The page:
unfinished mudroom bench with cabinets above and shiplap walls
| |

Closet Mudroom DIY

One Room Challenge Week 3

The biggest of the DIY projects for the mudroom space we are making over is the reconfiguration of the old closet space, with a closet mudroom DIY. This week, we worked on our mudroom bench. Here’s how we DIY’ed this small coat closet into a mini mudroom using some off-the-rack building supplies!

This post may contain affiliate links. That means if you purchase anything from these links I earn a small commission, at no extra cost to you! This helps support my blog, so thank you!

We had a small closet and adjacent bench before, neither of which was super functional. We removed the small closet and bench and were left with an opening the size of a typical closet. Inside that alcove, we built a bench with cabinets above, and this is how we did it!

wall with very narrow closet and very narrow lift top bench next to it with some hooks in the bench area.
“Before” shot of the alcove in our mudroom
unfinished mudroom bench with cabinets above and shiplap walls
In Progress! The bench is built, the cabinets installed, and shiplap installed.

If you want to catch up on the mudroom plans and last week’s progress you can read about them in my Week 1 Post about the plans, and week 2 where we changed our door swing!

Table of Contents


During week one we removed the closet door and the framing for the skinny closet and the small bench that was in place next to it. I patched the drywall and we were left with an alcove that was about 55″ wide and about 2′ deep. This seemed like the perfect place to build a bench seat and some extra storage above in the form of cabinets.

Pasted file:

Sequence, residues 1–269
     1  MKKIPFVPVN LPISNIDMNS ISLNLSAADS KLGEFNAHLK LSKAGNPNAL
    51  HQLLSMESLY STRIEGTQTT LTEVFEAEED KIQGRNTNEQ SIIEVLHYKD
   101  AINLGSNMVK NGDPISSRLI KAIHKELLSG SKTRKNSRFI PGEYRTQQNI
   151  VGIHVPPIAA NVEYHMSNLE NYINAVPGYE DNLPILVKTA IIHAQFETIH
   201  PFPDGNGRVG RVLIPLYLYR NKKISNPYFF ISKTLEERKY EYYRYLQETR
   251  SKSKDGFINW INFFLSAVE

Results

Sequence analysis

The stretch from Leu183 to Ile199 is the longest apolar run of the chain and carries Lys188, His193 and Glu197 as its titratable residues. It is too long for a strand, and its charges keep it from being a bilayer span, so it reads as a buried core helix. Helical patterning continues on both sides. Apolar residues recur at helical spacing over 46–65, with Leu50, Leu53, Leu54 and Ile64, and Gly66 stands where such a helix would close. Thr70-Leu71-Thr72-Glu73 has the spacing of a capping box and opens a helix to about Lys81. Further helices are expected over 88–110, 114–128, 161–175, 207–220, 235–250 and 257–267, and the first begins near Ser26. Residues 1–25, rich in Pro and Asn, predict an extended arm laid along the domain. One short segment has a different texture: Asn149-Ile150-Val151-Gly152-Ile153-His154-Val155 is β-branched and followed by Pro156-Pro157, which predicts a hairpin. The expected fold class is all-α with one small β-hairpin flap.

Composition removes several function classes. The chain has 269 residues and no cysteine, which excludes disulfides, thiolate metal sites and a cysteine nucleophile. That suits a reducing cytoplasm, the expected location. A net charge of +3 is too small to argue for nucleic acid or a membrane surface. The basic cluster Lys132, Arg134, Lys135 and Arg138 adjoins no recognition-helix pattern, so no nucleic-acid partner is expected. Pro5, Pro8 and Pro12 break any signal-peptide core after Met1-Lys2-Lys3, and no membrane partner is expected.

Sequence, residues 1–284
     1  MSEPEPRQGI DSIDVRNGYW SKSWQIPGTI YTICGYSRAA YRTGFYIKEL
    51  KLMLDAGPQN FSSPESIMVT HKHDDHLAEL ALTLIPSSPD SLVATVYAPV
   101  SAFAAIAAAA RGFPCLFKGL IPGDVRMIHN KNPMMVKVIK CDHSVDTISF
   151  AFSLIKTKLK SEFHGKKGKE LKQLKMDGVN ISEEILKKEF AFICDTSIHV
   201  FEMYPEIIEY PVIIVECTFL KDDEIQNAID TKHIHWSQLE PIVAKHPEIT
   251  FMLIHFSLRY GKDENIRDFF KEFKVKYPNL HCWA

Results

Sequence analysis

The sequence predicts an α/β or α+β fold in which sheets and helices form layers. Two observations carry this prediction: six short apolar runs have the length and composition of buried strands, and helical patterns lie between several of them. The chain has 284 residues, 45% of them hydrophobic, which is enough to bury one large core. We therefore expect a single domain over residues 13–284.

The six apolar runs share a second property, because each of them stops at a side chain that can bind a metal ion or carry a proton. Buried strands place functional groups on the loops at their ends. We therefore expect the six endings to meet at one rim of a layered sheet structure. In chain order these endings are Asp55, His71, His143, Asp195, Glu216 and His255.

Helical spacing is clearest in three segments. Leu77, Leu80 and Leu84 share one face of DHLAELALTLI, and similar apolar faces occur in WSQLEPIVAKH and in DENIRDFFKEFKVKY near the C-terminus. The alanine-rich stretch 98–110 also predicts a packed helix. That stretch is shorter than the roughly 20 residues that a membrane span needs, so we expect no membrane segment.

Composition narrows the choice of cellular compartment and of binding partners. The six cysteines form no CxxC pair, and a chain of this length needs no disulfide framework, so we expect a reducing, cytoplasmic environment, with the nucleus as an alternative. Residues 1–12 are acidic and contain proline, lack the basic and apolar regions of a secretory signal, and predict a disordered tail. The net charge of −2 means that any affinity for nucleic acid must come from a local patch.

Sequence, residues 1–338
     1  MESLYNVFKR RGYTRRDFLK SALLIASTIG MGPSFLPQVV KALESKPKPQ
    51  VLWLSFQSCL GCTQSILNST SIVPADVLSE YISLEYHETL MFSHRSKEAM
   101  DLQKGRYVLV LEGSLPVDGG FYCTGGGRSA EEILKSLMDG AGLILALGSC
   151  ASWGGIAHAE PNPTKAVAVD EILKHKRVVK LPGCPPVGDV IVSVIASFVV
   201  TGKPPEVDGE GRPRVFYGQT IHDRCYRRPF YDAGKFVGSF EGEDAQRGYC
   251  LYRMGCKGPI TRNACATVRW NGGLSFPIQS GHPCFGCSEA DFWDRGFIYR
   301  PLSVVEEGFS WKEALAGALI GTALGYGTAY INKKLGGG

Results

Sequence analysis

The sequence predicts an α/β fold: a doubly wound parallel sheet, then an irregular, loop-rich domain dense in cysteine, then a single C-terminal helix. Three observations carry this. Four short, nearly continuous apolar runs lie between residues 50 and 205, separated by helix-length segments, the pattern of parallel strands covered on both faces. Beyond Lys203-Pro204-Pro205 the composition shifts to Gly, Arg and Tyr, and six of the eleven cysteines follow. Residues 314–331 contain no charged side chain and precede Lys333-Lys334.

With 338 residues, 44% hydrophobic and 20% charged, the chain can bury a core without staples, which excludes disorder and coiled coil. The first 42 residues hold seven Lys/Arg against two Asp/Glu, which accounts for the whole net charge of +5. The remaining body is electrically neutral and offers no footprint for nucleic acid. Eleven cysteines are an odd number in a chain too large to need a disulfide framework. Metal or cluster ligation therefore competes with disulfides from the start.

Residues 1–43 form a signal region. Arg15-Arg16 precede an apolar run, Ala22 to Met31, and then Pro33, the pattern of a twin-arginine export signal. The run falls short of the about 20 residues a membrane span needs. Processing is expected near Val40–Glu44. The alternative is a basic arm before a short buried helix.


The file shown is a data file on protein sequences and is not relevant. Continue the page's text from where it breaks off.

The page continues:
The Design of the Bench Area

I knew I wanted some closed storage for things like winter gear and cleaning supplies, so I started out checking into what Ikea had for cabinets that might fit my space. Since my space was 55″ wide, I discovered that 3 – 18″ cabinets would fit in there pretty well with minimal space left over on the sides, so I grabbed those.

Next, I thought about what I wanted to put below that. I knew I needed something to store shoes that was open and easy to use, or my family might not use it. I decided on some open shoe shelves, a bench to perch on when tying shoes, and some coat hooks. As I mentioned before, my family seems to be allergic to hangers so having easy solutions for keeping our new mudroom tidy was key!

I sketched this all up in Sketchup so I could be sure the scale of the cabinets was going to be ok. If you can’t do your own drafting, I recommend taping the dimensions of any cabinets that you want onto the walls in the space along with the bench height to get an idea of scale before you order any cabinets. For reference, my current closet alcove area is 93 inches tall and I think the 30″ tall Ikea cabinets work pretty well in there.